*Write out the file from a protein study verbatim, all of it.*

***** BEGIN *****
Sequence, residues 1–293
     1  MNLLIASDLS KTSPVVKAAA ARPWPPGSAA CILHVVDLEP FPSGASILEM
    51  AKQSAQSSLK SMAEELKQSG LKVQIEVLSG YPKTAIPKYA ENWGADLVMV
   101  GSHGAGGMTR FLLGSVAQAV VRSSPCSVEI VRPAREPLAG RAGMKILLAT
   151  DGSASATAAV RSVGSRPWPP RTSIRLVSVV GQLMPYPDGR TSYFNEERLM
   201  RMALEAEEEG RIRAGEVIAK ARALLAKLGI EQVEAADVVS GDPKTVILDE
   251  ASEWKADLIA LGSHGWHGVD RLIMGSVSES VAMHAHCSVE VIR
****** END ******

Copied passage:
Sequence, residues 1–293
     1  MNLLIASDLS KTSPVVKAAA ARPWPPGSAA CILHVVDLEP FPSGASILEM
    51  AKQSAQSSLK SMAEELKQSG LKVQIEVLSG YPKTAIPKYA ENWGADLVMV
   101  GSHGAGGMTR FLLGSVAQAV VRSSPCSVEI VRPAREPLAG RAGMKILLAT
   151  DGSASATAAV RSVGSRPWPP RTSIRLVSVV GQLMPYPDGR TSYFNEERLM
   201  RMALEAEEEG RIRAGEVIAK ARALLAKLGI EQVEAADVVS GDPKTVILDE
   251  ASEWKADLIA LGSHGWHGVD RLIMGSVSES VAMHAHCSVE VIR